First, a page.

Hearing a squabble break out while doing the dishes, I headed to the living room.
Jonathan wanted his legos to watch James's legos play, but James didn't want Jonathan to watch because he says it distracts him, so I suggested Jonathan's legos watch from across the room. Not good enough. They cheer for James's game. Can't have that. I explained to Jonathan that James's game was like a pro golf game where the spectators are silent. They both agreed this would work.
I went back to the dishes.
Jonathan told James he didn't like to be silent. James told Jonathan a story. Jonathan thought it was funny, so he laughed. James claimed Jonathan was laughing at him. Jonathan said he was laughing at himself. James said he would only believe Jonathan for ten minutes.
Jonathan counted slowly to ten. James said that was only ten seconds, not ten minutes. Jonathan said his counting to ten did count as ten minutes because he wasn't using regular seconds. He was using split seconds. He counted sixty split seconds between each numeral from one to ten. James said Jonathan only waited ten seconds between each numeral. Jonathan said he waited sixty.
Then Rosy licked James's hand, and shortly thereafter, James put his hand on Jonathan's face in what I presume was an effort to physically dominate his brother and thereby force-change his opinion about the ten seconds vs. sixty seconds issue.
Jonathan, disgusted with the dog slobber on the hand in his face, bellowed the ultimate weapon. "I'M TELLING!!!!!!!!!!!!!!!!!!"
James pressed harder and bargained, "I'll stop if you won't tell."
Heartsick at their constant banter, I lifted a prayer to God. "What should I do, Abba?" My headphones reminded me the Lord my God is with me, and He is mighty to save. Especially when it comes to parenting.
Then God brought to mind something our babysitter said a few months ago. When she and her sister fought as children, her mom said, "You seem to have forgotten how to work together as a team... you'd better practice." Then she assigned them chores they had to do together.
Calling one boy at a time into the kitchen, I heard each side of the story. Then I made them stand still and wait while I rinsed some dishes, so they could dread my decision about their behavior for a few seconds. Let 'em sweat.
Then, slowly and deliberately drying my hands on a dishtowel, I said, "It looks like you forgot that you are brothers and best friends. You're behaving like enemies, and you've forgotten how to work together as a team. You need some practice."
Their eyes widened. Usually, when they scrap like that, I separate them (which they passionately hate).
I continued, "I want you to practice teamwork by cleaning the bathroom mirrors."
They frowned at each other.
"One of you will hold the rag, and the other will hold the cleaner."
They lifted their eyebrows and brightened up. That actually sounded... sort of... fun.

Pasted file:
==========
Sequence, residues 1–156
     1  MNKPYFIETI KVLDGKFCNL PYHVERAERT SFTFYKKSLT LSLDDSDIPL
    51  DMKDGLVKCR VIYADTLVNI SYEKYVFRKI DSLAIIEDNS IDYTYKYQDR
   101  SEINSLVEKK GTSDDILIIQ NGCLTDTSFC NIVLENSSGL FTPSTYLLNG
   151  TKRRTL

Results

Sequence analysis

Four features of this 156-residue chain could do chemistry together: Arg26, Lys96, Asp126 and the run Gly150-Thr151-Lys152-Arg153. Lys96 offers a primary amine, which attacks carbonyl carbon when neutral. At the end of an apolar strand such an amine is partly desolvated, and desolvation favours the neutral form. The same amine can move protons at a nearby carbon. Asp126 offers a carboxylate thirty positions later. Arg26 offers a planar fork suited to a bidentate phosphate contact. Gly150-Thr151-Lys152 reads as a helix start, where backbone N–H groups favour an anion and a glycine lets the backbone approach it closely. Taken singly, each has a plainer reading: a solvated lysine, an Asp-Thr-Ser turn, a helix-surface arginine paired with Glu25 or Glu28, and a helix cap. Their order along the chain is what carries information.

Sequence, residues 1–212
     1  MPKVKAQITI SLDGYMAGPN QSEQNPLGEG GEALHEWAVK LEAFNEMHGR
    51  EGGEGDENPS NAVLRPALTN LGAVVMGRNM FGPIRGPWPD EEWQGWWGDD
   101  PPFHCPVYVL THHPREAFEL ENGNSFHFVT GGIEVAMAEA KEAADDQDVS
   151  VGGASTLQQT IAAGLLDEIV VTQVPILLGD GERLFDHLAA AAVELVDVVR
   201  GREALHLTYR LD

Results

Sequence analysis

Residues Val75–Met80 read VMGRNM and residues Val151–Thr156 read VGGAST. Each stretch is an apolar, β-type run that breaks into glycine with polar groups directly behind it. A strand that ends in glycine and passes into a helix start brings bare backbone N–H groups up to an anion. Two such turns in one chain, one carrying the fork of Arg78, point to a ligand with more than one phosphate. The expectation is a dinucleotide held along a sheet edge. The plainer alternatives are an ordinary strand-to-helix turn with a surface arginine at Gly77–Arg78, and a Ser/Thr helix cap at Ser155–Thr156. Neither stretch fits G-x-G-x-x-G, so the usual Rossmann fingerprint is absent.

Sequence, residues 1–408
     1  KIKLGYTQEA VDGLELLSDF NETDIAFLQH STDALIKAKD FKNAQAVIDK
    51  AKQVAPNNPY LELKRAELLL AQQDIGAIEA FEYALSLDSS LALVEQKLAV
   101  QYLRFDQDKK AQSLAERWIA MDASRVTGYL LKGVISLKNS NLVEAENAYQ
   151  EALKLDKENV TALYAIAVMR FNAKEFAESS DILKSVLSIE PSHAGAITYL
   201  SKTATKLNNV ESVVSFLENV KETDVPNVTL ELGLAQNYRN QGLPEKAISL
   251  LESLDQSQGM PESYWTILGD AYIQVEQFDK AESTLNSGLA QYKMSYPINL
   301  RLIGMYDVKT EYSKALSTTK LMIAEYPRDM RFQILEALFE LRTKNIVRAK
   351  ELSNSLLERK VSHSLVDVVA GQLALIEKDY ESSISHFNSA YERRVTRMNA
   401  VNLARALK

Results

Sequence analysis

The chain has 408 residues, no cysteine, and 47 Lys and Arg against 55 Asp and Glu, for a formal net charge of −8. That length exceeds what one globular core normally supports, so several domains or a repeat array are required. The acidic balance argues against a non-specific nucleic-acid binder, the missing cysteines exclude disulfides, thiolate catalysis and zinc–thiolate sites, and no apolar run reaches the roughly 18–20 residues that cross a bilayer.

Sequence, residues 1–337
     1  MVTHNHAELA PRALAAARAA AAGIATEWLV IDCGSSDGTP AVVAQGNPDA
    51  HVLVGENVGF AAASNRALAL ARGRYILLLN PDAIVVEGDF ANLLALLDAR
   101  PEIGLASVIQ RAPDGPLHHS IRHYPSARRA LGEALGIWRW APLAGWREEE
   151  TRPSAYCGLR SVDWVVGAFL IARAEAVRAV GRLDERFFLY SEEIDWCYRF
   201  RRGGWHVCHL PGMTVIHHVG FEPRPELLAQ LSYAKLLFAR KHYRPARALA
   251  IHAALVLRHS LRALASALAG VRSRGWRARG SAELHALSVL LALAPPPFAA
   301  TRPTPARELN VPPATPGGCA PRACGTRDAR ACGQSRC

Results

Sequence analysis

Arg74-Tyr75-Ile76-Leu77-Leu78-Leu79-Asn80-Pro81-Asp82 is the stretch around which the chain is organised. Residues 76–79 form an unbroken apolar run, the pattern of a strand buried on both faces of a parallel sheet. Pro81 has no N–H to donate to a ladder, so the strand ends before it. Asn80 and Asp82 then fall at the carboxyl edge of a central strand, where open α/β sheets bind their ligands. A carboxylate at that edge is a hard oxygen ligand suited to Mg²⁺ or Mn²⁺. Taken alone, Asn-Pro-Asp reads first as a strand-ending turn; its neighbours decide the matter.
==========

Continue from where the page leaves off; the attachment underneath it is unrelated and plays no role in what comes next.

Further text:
Explaining that if they fought while cleaning, they'd have to clean longer, I handed the cleaner to James and gave the rag to Jonathan. Then I showed them how to clean the bathroom mirror, one squirt and one swipe at a time. They did great. Jonathan pointed out to James where he'd missed a spot with the squirt bottle, and James pointed out to Jonathan where he'd left a streak with the rag. When the top of the mirror came into play, they switched. Jonathan pointed the squirter up and aimed, and James, who had an easier reached, swiped away.
They didn't fight while they worked, so I released them from their task after they finished the first mirror.
Both boys hesitated, looked sideways at me, and asked, "But what about the other bathroom mirror? Can we clean that one too?"
Uh... sure. Knock yourself out.
They did. They climbed up on the bathroom counter, squirting and swiping and chatting merrily along.
I went back to the dishes.
James called from the bathroom, "Hey, Mom. Can we clean the lights, too?"
Hesitating, I finally replied, "Turn them off first and wait for them to cool down so you don't get burned."
When they'd finished, they reported, "We're done! And we cleaned the lights, too! Come see!"
The mirror was a veritable cascade of dripping cleaning solution, but the lights sparkled and shone. James explained sheepishly, "Uh... we got a little carried away on the lights... that's why the mirror is dripping."
No problem. I swiped it clean with a towel and turned a blind eye to the light film of smear covering the entire surface of the glass. "Great job, guys!"
They puffed out their chests.
Next, I had them wash their hands thoroughly with soap and water, explaining they needed to make sure they got all the cleaning solution off because it wasn't very nice to their skin. They took turns at the sink like little champs.
Before I released them back to their lego games in the living room, I said, "Now. The next time you fight, you get to wash the walls."
As much fun as the mirrors had been, washing walls still ranked in the Undesirable category. The boys looked at each other with worried brows and murmured, "Oh dear..."
Peace has reigned ever since.
To top it off, I mentioned this event to my landlord, and she added two exceedingly brilliant suggestions for the future. 1) Tie their left hands together and then assign a task, and 2) Straighten their arms with wrapping paper tubes and make them feed each other at mealtime.
Thank You, Abba, for my new parenting arsenal.